Dr. Sima Desai delivered part two of her history of women in medicine talk to the first-year medical students this afternoon (see last week for part I). We heard about the businessman William Mullen, himself a failed medical student, who founded the Female Medical College of Philadelphia.
While the school would eventually go on to accept female students from twenty countries and almost all of the United States, the first class was comprised of only eight women seeking medical degrees (thirty-two more women attended classes as "listeners"). One of those eight was Ann Preston, who would go on to become the first female dean of a medical school. (No small feat, considering that to this day, there have only been four female deans of American medical schools.)
Desai also talked about Mary Putnam Jacobi (scion of the Putnam publishing family and future wife of Dr. Abraham Jacobi) who graduated from the Women's Medical College in 1864 before going on to become the first woman accepted into the Ecole de medecine in Paris in 1868. She won the Boylston Medical Prize in 1876; her anonymous entry on the topic of whether women needed to rest during menstruation and if so, to what extent, summarized the responses from hundreds of questionnaires she sent out to women in various occupations. When she died in 1905, none other than Dr. William Osler described Putnam as having a "heliotropic potency."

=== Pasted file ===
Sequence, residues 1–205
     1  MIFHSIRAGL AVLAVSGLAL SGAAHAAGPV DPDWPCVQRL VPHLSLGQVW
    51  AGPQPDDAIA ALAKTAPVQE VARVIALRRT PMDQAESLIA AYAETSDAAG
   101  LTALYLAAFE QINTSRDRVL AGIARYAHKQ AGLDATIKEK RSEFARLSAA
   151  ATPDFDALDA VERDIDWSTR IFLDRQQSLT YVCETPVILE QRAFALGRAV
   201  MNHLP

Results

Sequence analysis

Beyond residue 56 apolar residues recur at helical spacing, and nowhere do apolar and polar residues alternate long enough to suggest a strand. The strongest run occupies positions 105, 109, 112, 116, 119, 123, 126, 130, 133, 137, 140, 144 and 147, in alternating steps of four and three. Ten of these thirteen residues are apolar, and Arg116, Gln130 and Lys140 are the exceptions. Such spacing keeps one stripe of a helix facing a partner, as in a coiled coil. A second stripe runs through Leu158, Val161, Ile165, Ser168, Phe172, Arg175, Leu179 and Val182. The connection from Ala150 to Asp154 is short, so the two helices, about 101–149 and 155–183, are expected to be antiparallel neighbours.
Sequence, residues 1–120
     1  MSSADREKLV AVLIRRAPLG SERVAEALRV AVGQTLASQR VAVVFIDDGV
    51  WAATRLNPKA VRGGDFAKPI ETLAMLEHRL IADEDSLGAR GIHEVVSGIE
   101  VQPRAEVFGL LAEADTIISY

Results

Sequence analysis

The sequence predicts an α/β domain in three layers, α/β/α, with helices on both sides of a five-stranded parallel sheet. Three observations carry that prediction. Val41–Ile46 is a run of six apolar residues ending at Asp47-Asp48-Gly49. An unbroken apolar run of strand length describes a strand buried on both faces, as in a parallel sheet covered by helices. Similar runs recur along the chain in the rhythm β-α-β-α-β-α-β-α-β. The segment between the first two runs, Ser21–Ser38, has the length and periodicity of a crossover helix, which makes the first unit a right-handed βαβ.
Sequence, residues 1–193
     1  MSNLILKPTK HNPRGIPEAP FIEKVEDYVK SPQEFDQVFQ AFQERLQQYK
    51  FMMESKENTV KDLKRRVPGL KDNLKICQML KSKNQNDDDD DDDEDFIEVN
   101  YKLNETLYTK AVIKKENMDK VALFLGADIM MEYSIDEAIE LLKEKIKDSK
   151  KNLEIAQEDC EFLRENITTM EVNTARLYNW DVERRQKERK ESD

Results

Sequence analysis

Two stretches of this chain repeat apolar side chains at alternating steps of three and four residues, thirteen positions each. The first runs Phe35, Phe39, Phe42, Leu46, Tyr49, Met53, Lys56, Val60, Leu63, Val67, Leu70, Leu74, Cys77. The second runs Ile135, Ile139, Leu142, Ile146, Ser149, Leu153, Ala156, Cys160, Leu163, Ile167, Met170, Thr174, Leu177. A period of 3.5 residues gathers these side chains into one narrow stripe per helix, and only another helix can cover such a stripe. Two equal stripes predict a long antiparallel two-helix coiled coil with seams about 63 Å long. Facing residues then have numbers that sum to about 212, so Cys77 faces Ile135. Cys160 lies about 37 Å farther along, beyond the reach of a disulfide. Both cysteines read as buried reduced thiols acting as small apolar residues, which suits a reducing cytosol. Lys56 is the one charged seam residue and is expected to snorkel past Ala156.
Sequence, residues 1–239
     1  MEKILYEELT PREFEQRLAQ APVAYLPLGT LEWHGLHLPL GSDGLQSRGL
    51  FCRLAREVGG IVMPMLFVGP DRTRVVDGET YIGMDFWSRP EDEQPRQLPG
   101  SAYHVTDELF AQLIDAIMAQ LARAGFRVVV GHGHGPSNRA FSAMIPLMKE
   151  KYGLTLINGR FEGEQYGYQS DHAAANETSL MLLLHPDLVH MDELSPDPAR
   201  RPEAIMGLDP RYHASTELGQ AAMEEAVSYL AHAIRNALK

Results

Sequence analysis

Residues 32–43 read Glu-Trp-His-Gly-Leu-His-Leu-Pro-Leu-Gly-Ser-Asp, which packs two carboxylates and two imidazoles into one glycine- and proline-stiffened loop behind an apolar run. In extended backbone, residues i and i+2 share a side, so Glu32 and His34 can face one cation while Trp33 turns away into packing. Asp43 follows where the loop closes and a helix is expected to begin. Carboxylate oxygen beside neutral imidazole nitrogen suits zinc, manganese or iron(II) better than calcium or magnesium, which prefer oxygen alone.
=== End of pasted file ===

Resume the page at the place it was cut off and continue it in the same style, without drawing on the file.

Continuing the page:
This two-part presentation on the history of women in medicine dovetails nicely into next week's lecture on Esther Pohl Lovejoy, M.D., an alumna of the University of Oregon Medical School and a physician of notable achievement. The lecture is free and open to the public.
Title: "Esther Clayson Pohl Lovejoy, M.D., University of Oregon Medical School Class of 1894: Oregon's Doctor to the World"
Guest Speaker: Kimberly Jensen, Ph.D., Dept. of History and the Gender Studies Program, Western Oregon University
Date: April 20, 2007
Time: 12:15 p.m.
Location: Old Library Auditorium